Its that time…time to leave Mexico for the Guatemalan frontera. We learned a lot about being on the road, saw some amazing sights, met wonderful people, and improved our Spanish in Mexico, but we were really ready for something new. And we definitely found it.
Border Crossing Fun – Welcome to Guatemala!
I have to admit that heading to Guatemala, specifically the part about crossing the border, freaked me out just a little (ok, a lot…just ask George how fun I was the 24 hours leading up to the crossing). We had heard many stories of “helpers” trying to jump on your car, corrupt officials, and people generally trying to hassle you for money, making an already tedious process more chaotic (not to mention we just came off of roadblock hell in Mexico on the way to the border – our friends Jacqui and Cameron from Follow the Wind summarized it nicely for us). Knowing we wanted to head to northern Guatemala first, we decided on the tiny border crossing of El Ceibo. I was incredibly relieved to find that there were no hawkers or helpers of any kind, and the process was so well laid out online that it was really a piece of cake! I hope they are all this easy…
Tikal National Park
With the border crossing happily behind us, we sought out the nearest ATM and gas station, and headed for one of the places I have been incredibly excited to visit since the start of this trip, Tikal National Park. Tikal is another set of Mayan ruins, but not just ANY ruins. Tikal is in the jungle, with howler monkeys and tucans (and jaguars and poisonous snakes), and boasts the largest excavated site in the Americas.
The scale of the ruins were quite impressive (with only 20% of the ruins actually excavated), and I really did get to see tucans and howler monkeys just like I had hoped! One thing that put a damper on the experience was the sunrise tour we were talked into. We had quite the frustrating experience with hidden fees, tourists who just can’t seem to be quiet for 10 minutes while you watch the sunrise from the top of an ancient temple, and the kicker – no actual sunrise due to fog. But that was all water under the bridge once we ran to the Gran Plaza just before 6am (and just before the park officially opened) to meditate, just the two of us, on top of an ancient ruin. Pretty special experience.
The City of Antigua
Knowing we only had two weeks in Guatemala, and about 5 days of that behind us, we had to choose between Antigua and Lake (Lago) Atitlan to do another week of Spanish lessons. We chose the colonial UNESCO world heritage sight of Antigua. Many of the colonial style buildings were built in the early 16th century and have been well preserved. The town was interesting from this perspective, but otherwise Antigua probably isn’t the best representation of Guatemala (its pretty touristy, including prices). It was really nice that we got to stay right in town with Titus. The Tourist Police let overlanders stay for free in the parking lot / old hospital ruins; it’s a little creepy, but hey, it is free (we heard that Guatemalans are very superstitious and wouldn’t want to live on top of old hospital grounds, but I guess tourists don’t mind too much).
Hiking Volcan Acatenango – WOW!
Before entering Guatemala I had never heard of Volcan Acatenango. At Tikal this couple we met told us about an amazing 2 day hike they did to the top of this Volcano. We thought, well we love hiking, why not? So while in Antigua we booked the hike with a tour company. They didn’t tell us too much about the hike. Only that they would provide the guide, tent, sleeping mats, sleeping bags, and food, and we just need to bring our water and snacks. Oh, and that it would be really cold at night so bundle up. So off we went in the morning, and met up with our group and hiking mates for the trip.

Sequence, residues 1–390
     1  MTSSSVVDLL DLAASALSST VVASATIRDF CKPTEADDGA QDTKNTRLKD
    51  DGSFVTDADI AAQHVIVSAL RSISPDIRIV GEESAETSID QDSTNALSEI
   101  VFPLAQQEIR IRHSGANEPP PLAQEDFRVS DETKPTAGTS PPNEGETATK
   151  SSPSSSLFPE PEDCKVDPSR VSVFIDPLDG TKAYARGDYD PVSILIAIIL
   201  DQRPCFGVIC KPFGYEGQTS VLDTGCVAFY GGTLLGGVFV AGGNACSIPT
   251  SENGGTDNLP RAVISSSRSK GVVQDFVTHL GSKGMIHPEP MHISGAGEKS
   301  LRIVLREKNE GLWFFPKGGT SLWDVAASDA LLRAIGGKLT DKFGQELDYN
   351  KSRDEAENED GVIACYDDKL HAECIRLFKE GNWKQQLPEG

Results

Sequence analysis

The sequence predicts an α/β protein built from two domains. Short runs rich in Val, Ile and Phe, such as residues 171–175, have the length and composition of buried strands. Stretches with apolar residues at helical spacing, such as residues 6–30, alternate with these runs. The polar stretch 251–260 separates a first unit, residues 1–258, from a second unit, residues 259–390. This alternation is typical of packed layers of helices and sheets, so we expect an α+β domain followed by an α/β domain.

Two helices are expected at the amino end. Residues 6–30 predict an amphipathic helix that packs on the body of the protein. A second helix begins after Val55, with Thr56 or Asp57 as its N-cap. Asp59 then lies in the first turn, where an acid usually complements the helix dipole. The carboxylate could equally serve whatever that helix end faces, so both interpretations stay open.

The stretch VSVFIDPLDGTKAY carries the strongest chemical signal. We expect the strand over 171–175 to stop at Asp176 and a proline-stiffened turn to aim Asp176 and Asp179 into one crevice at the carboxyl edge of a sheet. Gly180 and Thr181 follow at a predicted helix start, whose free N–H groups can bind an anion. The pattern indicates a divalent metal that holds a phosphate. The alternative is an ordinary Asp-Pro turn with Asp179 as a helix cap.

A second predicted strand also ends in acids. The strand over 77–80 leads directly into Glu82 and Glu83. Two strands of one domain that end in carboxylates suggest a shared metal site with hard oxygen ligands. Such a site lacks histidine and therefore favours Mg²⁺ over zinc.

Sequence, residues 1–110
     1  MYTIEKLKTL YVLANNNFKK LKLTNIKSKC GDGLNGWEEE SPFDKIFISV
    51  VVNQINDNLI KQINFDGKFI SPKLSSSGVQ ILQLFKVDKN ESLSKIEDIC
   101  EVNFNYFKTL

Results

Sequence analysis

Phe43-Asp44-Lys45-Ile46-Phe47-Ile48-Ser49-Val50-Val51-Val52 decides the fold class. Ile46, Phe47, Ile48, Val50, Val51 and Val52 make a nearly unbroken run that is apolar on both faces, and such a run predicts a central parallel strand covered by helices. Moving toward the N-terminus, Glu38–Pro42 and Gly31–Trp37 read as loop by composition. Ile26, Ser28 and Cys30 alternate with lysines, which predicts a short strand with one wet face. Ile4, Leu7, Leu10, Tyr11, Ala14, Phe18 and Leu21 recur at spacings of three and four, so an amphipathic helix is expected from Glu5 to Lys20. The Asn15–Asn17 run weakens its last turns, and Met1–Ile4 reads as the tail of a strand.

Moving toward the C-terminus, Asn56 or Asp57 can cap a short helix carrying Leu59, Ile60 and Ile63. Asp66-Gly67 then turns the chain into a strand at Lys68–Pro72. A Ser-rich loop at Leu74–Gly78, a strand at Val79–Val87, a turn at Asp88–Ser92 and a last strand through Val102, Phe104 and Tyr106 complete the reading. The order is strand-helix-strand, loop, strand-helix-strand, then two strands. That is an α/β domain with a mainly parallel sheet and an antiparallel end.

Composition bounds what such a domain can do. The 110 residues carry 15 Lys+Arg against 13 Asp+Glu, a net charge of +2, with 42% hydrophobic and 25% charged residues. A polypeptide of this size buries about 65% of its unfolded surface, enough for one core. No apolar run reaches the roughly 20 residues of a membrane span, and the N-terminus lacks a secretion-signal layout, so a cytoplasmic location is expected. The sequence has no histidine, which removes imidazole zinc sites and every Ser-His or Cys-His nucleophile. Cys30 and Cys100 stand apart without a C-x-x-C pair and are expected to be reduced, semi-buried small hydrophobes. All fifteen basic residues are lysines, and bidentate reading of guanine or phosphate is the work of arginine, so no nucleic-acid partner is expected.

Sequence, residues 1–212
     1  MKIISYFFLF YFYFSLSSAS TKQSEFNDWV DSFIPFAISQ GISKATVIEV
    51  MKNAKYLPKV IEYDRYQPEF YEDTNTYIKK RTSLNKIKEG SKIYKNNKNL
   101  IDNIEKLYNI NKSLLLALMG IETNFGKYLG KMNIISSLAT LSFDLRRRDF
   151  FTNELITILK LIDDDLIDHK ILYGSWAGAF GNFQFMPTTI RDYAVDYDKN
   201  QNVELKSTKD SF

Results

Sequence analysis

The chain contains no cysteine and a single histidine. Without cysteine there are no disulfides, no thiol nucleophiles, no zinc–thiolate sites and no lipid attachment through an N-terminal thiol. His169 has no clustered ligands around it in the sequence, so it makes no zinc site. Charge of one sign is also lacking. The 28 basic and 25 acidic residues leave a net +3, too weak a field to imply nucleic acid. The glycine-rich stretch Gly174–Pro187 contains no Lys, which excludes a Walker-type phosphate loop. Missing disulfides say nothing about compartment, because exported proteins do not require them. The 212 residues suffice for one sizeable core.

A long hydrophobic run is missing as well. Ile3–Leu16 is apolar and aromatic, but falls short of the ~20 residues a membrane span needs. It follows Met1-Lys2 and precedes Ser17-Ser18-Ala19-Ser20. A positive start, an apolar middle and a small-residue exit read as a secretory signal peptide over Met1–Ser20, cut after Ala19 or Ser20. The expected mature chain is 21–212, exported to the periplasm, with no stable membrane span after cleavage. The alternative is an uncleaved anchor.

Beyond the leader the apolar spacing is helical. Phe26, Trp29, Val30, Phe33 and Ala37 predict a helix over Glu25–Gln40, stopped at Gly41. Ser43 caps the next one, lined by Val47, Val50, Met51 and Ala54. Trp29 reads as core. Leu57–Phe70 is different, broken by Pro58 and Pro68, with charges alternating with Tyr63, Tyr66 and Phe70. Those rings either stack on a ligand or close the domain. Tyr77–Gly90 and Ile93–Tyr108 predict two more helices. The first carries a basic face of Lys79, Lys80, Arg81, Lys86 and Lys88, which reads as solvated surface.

I’m not sure why George and I originally disregarded all signs that this hike would be hard, but we did. The dirty group of hikers ending their hike when we began, saying “it was really really REALLY hard, but worth it” didn’t phase us. No one mentioned that the volcano stands at 13,000 feet (of that we would be ascending almost 5,000 feet) and that a lot of the hike up would be in deep volcanic sand. But probably better we didn’t know. It was one of the toughest hikes I’ve ever done, but also hands down the most rewarding.
We camped about 6 hours into the ascent, and when we arrived, I saw something I really never considered witnessing in person at such a close proximity – a small volcanic eruption occurred right when we arrived, and our guide assured us there were more to come. Then the sun set and the view got even better…red hot lava that you just can’t see during the day was spewing out of the volcano next to us!
After sort of sleeping that night, we woke to our alarms at 4am to finish the ascent to the top of Acatenango for sunrise. Of the 6 in our hiking group, 4 of us decided to make the freezing, difficult ascent, and arrived just in time for sunrise. It was so incredibly difficult to hike in the deep volcanic sand at that altitude and steepness that I almost cried in joy when I reached the top. That feeling of accomplishing something difficult that you put your mind to is so rewarding that we decided right then and there that we will be doing a lot more multi-day hiking in the future.
So what did we think of Guatemala? Guatemala is so lush and green. In my opinion the people in Guatemala are generally VERY friendly (or maybe they just smile more?) and the bathrooms in Guatemala seemed to be a step up for us (hold on, you can have toilet paper AND soap in the bathroom? luxury). But honestly, I don’t think we spent enough time in Guatemala to warrant drawing any kind of grand conclusions. However, we did have a great time, met more awesome people, and had some wonderful adventures in Guatemala that I will always remember. But for now, it’s on to El Salvador…
More pics of our time in Guatemala: